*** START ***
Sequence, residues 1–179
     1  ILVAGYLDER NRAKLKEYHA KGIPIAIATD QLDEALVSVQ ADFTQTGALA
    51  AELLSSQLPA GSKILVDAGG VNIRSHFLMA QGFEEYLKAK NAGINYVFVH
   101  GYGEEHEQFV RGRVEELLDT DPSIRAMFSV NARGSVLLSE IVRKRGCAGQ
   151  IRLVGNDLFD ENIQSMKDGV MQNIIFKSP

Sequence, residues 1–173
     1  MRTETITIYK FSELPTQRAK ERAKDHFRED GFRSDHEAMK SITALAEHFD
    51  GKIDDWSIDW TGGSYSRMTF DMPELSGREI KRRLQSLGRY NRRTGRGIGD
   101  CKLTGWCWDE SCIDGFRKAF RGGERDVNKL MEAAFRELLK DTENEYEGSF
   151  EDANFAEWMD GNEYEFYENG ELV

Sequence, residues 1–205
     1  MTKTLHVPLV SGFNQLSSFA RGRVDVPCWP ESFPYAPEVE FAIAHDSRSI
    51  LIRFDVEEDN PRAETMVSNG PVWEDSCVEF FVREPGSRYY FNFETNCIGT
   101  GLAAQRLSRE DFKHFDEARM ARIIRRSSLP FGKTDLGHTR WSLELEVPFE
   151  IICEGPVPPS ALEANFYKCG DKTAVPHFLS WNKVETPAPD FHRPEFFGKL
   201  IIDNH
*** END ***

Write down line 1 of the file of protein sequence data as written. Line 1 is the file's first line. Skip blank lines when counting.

Sequence, residues 1–179